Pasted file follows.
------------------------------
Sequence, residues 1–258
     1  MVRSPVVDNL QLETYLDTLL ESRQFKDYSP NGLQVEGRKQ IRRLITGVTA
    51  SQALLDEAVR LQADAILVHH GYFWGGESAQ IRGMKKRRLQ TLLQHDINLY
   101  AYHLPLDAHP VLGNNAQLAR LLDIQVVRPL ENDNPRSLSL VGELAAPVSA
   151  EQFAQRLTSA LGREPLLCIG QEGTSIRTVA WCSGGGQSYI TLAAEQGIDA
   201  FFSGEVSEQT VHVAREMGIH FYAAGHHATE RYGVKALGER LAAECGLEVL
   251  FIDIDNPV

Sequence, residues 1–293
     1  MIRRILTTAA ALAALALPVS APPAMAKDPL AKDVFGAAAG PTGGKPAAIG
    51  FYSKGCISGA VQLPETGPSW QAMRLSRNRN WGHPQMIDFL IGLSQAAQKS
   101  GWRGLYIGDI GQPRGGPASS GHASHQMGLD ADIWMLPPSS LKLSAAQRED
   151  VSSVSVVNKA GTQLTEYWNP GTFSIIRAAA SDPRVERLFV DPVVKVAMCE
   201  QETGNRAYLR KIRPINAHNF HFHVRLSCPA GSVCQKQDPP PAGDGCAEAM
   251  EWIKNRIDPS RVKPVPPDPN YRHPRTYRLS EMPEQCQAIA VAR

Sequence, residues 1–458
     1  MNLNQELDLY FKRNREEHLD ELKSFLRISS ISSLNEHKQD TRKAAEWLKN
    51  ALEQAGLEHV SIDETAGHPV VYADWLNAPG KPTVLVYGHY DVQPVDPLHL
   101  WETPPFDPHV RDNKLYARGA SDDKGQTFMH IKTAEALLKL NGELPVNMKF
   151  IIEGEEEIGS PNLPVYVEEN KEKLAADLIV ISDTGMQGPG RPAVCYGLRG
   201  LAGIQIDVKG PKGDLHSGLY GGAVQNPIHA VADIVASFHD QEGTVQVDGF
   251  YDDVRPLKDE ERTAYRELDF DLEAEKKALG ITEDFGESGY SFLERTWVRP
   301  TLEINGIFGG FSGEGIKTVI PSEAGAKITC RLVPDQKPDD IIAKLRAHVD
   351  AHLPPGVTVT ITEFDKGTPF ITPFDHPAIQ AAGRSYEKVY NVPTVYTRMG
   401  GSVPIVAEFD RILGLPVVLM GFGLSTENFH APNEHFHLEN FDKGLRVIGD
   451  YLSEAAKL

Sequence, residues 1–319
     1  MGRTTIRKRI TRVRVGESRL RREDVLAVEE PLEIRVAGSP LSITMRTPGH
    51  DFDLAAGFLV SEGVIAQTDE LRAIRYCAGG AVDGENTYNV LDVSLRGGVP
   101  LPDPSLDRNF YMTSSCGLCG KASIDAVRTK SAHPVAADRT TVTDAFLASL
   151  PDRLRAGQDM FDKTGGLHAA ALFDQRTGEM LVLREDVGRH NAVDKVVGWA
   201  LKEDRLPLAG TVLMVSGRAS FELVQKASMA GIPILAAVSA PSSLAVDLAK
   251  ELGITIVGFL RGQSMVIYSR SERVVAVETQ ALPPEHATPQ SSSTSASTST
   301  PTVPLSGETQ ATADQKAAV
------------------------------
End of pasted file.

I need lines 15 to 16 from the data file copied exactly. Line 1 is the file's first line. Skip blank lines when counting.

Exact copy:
Sequence, residues 1–458
     1  MNLNQELDLY FKRNREEHLD ELKSFLRISS ISSLNEHKQD TRKAAEWLKN